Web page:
Clinical Usefulness of Tissue Doppler Imaging in Patients with Mild to Moderate Aortic Stenosis: A Substudy of the Aortic Stenosis Progression Observation Measuring Effects of Rosuvastatin Study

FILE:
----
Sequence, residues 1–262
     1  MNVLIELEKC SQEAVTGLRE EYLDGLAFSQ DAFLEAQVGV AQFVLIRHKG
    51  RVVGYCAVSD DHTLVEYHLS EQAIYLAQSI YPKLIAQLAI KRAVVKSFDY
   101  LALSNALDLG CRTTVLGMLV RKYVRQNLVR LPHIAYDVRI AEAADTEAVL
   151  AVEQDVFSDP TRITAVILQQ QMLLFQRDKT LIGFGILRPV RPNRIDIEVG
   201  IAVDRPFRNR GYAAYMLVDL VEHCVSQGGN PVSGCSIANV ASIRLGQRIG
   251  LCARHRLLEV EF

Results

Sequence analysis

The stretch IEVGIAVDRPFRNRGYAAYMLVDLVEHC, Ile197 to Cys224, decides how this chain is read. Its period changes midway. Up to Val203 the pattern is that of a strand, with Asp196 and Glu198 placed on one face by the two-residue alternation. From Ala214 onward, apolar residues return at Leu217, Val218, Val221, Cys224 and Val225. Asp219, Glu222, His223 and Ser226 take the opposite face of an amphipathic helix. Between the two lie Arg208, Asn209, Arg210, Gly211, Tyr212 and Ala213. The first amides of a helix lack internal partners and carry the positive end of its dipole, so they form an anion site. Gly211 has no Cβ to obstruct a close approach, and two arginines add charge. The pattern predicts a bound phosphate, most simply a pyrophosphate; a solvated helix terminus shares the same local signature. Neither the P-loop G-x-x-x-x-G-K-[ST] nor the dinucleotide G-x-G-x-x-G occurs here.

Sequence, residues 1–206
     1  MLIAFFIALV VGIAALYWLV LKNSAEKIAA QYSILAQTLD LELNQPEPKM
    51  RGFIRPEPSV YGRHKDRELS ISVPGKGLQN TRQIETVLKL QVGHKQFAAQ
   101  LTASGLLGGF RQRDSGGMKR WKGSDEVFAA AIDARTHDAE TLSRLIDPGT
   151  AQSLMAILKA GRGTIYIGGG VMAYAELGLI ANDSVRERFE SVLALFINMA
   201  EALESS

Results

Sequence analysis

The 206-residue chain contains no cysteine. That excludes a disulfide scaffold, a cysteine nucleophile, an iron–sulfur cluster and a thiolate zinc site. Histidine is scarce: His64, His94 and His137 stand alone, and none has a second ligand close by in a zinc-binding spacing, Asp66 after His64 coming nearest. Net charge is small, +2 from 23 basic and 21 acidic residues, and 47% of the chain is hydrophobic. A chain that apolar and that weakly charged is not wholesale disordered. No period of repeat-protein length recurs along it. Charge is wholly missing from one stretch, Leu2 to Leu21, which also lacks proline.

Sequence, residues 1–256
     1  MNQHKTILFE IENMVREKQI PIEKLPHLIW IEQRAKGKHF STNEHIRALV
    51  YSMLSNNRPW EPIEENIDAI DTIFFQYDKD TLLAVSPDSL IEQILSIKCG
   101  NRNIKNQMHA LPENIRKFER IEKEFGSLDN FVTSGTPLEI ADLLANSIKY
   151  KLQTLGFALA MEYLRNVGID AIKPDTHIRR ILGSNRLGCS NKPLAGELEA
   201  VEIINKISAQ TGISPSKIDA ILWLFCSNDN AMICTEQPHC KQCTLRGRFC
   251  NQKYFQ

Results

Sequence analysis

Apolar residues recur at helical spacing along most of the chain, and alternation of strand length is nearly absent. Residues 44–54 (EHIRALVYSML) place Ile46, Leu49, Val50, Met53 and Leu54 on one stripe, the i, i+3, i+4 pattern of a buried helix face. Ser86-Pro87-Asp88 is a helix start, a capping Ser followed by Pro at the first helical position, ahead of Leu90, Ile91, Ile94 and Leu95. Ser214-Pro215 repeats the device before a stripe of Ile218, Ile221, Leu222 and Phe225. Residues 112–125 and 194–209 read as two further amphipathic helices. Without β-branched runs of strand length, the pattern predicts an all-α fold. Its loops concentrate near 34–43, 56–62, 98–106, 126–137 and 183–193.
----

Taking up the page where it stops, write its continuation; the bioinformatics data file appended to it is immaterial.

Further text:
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OBJECTIVE: Although impaired diastolic function is common in aortic stenosis (AS), little is known about the clinical usefulness of tissue Doppler imaging (TDI) to detect diastolic dysfunction in patients with mild to moderate AS. The objective was to describe both conventional and TDI measurements of diastolic function in asymptomatic patients enrolled in the Aortic Stenosis Progression Observation Measuring Effects of Rosuvastatin study, a multicenter study to assess the effect of rosuvastatin on the progression of AS. METHODS: Baseline echocardiography measurements, including left ventricular interventricular septal thickness, posterior wall thickness, cavity dimensions, and ejection fraction were obtained. Conventional Doppler indices, including peak early (E) and late (A) transmitral velocities, E/A ratio, and E-wave deceleration time, were measured from spectral Doppler. Tissue Doppler measurements, including early (E') and late (A') velocities of the lateral annulus, were determined, and E/E' was calculated. RESULTS: The study population included 172 patients (aged 57 +/- 13 years; 73 were female) divided into three categories of AS severity on the basis of peak velocity at baseline (group I: 2.5-3.0 m/s; group II: 3.1-3.5 m/s; group III; 3.6-4.0 m/s). Baseline hemodynamics, left ventricular dimensions, and conventional diastolic functional parameters were similar among all 3 groups. In patients with greater severity of AS, the lateral E' was lower and the E/E' (as an estimate of increased left ventricular end-diastolic pressure) was higher (P <.05). CONCLUSION: In patients with mild to moderate asymptomatic AS, TDI measures of diastolic function are abnormal and related to the severity of AS. These findings may help to predict the future development of symptoms in this population.
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